A theatre of memory: the kitchen
I still am figuring out my feelings and relationship with the kitchen. It fluctuates between embracing its complex history and hierarchical associations with labour, power, and gender and using the space to brew connections with my close ones and myself. I may have inherited this perspective from my mother, who used this space primarily to create nourishing food for her family but didn’t enjoy being in this space. On the other hand, my workaholic father used this space to show his presence at home and provide my mother relief from kitchen chores. For my parents, the kitchen has been a space where they cooked dishes passed down from their elders, adapting them to their lifestyle and schedule constraints.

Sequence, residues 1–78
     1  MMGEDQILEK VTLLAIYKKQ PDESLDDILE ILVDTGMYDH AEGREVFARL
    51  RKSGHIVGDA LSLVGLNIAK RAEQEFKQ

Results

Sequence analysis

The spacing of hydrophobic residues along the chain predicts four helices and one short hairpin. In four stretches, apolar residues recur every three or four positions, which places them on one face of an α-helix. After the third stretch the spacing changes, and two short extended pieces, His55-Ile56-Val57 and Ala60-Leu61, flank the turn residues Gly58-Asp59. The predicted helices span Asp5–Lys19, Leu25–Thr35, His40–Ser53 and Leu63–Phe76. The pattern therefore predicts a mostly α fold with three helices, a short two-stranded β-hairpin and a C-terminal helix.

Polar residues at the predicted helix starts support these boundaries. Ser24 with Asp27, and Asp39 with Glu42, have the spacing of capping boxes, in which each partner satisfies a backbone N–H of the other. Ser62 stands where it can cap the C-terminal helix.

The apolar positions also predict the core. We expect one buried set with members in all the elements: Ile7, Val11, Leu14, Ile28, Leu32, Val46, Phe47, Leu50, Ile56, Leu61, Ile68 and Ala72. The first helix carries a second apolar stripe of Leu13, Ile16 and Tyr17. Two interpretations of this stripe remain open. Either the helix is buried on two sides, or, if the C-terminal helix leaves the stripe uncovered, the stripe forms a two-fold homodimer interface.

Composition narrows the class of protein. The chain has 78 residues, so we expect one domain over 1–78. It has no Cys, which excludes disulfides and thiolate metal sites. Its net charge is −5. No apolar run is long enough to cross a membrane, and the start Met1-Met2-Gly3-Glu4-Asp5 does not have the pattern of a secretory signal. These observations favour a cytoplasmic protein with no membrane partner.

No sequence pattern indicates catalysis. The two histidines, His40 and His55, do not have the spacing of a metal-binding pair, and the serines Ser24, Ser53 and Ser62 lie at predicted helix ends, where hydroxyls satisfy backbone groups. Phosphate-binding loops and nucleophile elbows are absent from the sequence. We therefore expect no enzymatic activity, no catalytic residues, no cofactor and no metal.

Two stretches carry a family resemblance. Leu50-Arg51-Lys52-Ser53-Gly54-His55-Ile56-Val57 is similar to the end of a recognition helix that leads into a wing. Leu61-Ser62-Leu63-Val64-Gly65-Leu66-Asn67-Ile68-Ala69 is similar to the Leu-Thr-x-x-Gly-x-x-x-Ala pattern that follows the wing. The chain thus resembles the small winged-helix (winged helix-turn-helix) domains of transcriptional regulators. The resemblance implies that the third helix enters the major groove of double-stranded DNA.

I actively ran away from the kitchen whenever my parents tried to teach me how to cook. My teenage self hated the idea of confining myself to the space of the kitchen. I feared that knowing how to cook would make me embody the traditional role of a woman, without considering that cooking was a basic survival skill. However, during the pandemic, I found myself stepping into the kitchen to cook dishes, that I would generally eat outside the home, for me and my family. I found cooking as a communal act and one of self-care, expressing love via food-filled plates.